The rules of Binary Sudoku are quite simple. It is very similar to regular Sudoku, except here we try to fill a 9x9 board with only black and white tiles following the below rules:

  1. Every row, column, and $3$x$3$ box (the same nine $3$x$3$ boxes as in regular Sudoku) must have 2 black tiles — no more and no less, which leaves 7 remaining white tiles.
  2. Black tiles can never be adjacent to other black tiles (this includes diagonally adjacent, so every tile has 8 adjacent neighbors).

Warm-up question: How many possible completed boards are there, given we start out with the two black tiles in the middle $3$x$3$ box as shown below?

Grid with two black tiles in central 3x3 box

Challenging (final) question: Starting with an empty board, how many possible different completed boards are there?

  • 2
    $\begingroup$ FYI, this is more well-known as Star Battle. $\endgroup$
    – Deusovi
    Jan 24 at 3:14
  • $\begingroup$ Are computer-aided solutions allowed? $\endgroup$
    – bobble
    Jan 24 at 5:50
  • 2
    $\begingroup$ So it's not this Binary Sudoku... $\endgroup$ Jan 24 at 21:45
  • $\begingroup$ @bobble My bad, there's no fun in solving the puzzle with a computer, I should have made it more clear by adding a tag, but try to find a non-computer method of solving this puzzle! $\endgroup$
    – menalaus
    Jan 25 at 0:55

1 Answer 1


There's no , and it was easy enough to hack my Kyoto CNF generator to produce a SAT instance for the problem: a 9×9 bit array where each row, column and box has two 1s and no two adjacent variables may be both 1.

Solving the instance showed that there are exactly nine non-isomorphic (up to rotations/reflections of the whole grid) solutions: Of these only two satisfy the constraint of the first question (marked by a blue centre box). All solutions are totally asymmetric except the central one (which has 4 equivalents), yielding 68 solutions in all, 6 of which satisfy the first question's constraint.


This is basically a manual SAT proof, where the first level of cases is the centre cell star configuration (I use Hensel notation for the names). Blue, pink and white stars (mostly) indicate choices while blue backgrounds indicate solutions; note that box centres can never be starred because that would leave no room for the second star.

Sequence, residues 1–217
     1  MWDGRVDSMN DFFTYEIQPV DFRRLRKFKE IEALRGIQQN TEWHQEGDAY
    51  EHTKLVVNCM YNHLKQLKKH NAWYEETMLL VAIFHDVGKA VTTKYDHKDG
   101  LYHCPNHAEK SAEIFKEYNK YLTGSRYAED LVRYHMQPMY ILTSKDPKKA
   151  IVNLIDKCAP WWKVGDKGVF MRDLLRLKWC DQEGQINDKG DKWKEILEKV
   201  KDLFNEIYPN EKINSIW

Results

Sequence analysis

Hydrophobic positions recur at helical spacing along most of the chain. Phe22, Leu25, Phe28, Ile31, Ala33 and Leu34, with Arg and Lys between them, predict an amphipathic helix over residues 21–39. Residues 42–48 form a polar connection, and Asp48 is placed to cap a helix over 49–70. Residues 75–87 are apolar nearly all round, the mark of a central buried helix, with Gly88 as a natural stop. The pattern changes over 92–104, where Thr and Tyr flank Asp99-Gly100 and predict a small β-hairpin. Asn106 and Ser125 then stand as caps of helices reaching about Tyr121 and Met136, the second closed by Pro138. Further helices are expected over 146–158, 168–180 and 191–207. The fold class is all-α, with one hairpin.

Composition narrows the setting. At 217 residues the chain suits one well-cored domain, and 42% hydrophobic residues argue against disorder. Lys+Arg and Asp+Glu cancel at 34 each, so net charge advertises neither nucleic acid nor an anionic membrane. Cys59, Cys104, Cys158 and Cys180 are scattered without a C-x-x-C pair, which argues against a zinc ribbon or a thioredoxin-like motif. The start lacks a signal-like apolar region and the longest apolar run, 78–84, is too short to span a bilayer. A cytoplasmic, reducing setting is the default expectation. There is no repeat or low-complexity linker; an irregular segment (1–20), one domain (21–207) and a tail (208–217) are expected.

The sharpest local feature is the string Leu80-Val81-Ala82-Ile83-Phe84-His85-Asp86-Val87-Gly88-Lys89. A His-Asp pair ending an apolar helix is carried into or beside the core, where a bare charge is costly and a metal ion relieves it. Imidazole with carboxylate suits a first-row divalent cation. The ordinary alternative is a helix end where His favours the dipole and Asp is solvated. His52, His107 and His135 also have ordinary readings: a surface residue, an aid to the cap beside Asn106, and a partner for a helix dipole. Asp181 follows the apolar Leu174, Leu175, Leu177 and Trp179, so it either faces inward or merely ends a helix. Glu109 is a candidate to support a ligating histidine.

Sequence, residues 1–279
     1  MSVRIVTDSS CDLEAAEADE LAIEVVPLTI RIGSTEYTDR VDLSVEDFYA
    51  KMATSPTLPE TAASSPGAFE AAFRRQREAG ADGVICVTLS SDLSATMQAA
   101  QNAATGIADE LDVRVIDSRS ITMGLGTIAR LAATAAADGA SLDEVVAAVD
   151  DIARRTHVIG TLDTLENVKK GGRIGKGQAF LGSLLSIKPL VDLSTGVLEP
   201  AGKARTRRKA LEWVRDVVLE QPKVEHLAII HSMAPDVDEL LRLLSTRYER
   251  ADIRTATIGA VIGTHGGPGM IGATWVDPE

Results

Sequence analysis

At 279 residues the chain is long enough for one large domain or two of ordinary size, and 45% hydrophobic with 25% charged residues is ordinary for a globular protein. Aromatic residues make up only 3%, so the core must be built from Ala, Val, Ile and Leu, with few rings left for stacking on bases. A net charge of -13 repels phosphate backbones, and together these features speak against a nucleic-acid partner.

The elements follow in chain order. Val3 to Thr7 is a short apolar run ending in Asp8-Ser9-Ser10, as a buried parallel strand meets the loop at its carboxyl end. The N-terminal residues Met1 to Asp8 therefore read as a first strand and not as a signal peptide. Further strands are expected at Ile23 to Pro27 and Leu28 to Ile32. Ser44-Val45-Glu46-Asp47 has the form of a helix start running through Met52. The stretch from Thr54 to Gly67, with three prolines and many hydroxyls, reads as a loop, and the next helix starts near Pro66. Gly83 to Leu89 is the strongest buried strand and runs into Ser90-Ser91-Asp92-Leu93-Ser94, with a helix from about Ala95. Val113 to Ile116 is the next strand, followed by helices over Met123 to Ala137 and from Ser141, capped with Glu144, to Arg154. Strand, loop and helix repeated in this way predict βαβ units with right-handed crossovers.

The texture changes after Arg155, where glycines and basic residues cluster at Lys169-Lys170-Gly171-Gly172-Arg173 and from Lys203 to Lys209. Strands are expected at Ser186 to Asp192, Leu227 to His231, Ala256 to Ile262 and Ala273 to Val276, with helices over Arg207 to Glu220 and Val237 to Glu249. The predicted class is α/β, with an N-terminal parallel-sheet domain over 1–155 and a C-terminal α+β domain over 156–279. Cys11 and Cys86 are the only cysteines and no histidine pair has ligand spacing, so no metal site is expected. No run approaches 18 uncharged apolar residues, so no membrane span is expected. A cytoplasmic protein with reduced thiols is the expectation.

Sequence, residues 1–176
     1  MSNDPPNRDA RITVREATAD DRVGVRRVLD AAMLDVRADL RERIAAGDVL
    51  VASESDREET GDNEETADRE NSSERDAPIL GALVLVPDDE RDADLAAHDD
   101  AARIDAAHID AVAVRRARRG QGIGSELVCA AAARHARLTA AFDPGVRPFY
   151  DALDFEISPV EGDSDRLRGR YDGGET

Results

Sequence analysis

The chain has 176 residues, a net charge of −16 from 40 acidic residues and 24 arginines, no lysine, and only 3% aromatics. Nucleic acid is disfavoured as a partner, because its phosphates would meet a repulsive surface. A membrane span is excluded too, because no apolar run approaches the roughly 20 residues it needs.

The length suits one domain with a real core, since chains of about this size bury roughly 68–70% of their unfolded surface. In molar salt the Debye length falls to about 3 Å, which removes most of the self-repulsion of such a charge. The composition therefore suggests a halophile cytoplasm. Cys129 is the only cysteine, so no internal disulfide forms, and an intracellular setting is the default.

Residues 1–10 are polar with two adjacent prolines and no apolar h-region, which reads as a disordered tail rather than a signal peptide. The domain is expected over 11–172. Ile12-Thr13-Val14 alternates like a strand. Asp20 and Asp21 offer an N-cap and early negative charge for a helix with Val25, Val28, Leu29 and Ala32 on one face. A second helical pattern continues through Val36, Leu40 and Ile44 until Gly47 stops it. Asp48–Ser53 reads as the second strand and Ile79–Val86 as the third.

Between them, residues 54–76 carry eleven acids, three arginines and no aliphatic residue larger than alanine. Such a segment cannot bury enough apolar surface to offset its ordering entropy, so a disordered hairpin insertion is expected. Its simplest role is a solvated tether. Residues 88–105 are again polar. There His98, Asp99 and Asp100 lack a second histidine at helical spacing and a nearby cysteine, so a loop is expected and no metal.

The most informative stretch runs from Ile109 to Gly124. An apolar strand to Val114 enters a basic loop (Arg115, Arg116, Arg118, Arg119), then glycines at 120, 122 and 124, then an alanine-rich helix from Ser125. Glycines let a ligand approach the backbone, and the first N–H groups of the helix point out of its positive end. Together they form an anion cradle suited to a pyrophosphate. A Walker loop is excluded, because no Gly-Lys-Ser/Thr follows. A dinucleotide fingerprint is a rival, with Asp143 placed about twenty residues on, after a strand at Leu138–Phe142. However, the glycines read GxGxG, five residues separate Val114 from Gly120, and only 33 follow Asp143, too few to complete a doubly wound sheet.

Case n is very easy to knock out by forced star placement. For k R5C9 is not a star because that alongside the (WLOG placed) R5C6 kills all locations for a second star in box 6, so [a star is in] R5C1 and R4C3. Subsequent assumptions, contradictions and inferences are as follows:
1. Assume [there is] not [a star in] R9C123, then R8C3 and R7/8C1, then R13C2, × (contradiction). (Slash means "or" and concatenation means "and".)
2. Assume R9C1, then R17C2 (col 2 slots), then R3C3, ×.
3. Assume R9C3, then R17C2 (col 2 slots), not R8C6, R7C6, R8C79, ×. Hence R9C2.
4. Assume R7C1, then R1C2, R3C3, ×. Hence R7C2.
5. The two stars in col 5 cannot both be in box 8. Suppose one is, then it is R9C5, then R7C6 and R8C79, ×. Hence R13C5 (box 2).
6. Assume R9C4, then not R7C8 (second star of box 9 extinguished, or E9), then R7/8C7. But either choice gives E8. Hence R8C4. 7. Assume R7C7, then R8C9, R1C8, R3C7, R4C8, ×. R8C7 gives E8, so R9C7, R7C6, R8C9.
8. Assume R8C9, then × as in 7., so R6C8.
9. Assume R4C9. This forces a complete solution (#4 in the solution summary above). Hence (for further solutions) R4C8.
10. 9. forces R3C1, at which point exactly two of R2C379 may be true and the remaining column is starred in row 1. This yields #7, #8 and #9.

1. With case c R5C19, then R4C37 are forced. Not R9C5, so R8/9C4 and R8/9C6, so R13C5. Assume R1C2, then R3C1, R7C2, R9C3 and two stars cannot be packed into box 8 (×). Hence the stars in col 2 (and 8 by symmetry) must go in box 7 (9) and R8C46.
2–5 are just short further cases that either lead to solutions #1, #2, #3 or a contradiction.

1. In case i assume (WLOG) R46C1, then R19C2, R37C3, WLOG R1C4, R2C9, R2C7 and R3C5, R7C5/6 and R9C5/6, R8C79, R79C5. But then col 5 has three stars, ×. Hence at least one of R46C2 is true, as is R46C8.
2. Assume these stars are cis, i.e. R6C28. Exactly one star then lies in each of the four pairs of R8/9C1379, forcing R7C46, R9C37, R8C19.
3. Still with the assumption from 2. assume R4C1. This forces the whole of solution #6, so for further search we assume R4C28.
4. The latter inference above (built on 2.) leads to row 3 having only one star, ×. The case induced by the choice in 2. has been exhausted.
5. We move on to the trans case, i.e. R6C2 and R4C8. To avoid repeating the cis case we have R4C1 and R6C9. Assume both stars in col 3 are in box 1, then R9C2 and R7C1, ×. Hence exactly one star in col 3 is in box 9.
6. Assume R9C3, which forces R1C2 and R8C1. Assume further R7C46, easily forcing a whole grid filled... but col 9 contains three stars, ×.
7. Given the first choice in 6. there must be R8C9; together with the whole of 6. this implies R7C7, then R6C9, R1C8, R3C7, R4C8, ×. Hence on col 3 R8C3, and by symmetry R2C7.
8. Assume R9C1, then R1C2, R3C3, R2C9, R2C7 and R3C5, R1C5, R79C6. But then col 6 has three stars, ×. Hence R8C1 and by symmetry R2C9. 9. From the end of 8. solution #5 is forced all the way.

  • $\begingroup$ Nice! Can you find a no-computer justification to these solutions and why they are the only ones? $\endgroup$
    – menalaus
    Jan 25 at 0:58
  • $\begingroup$ @menalaus done, and you just lost The Game. $\endgroup$ Jan 25 at 8:45

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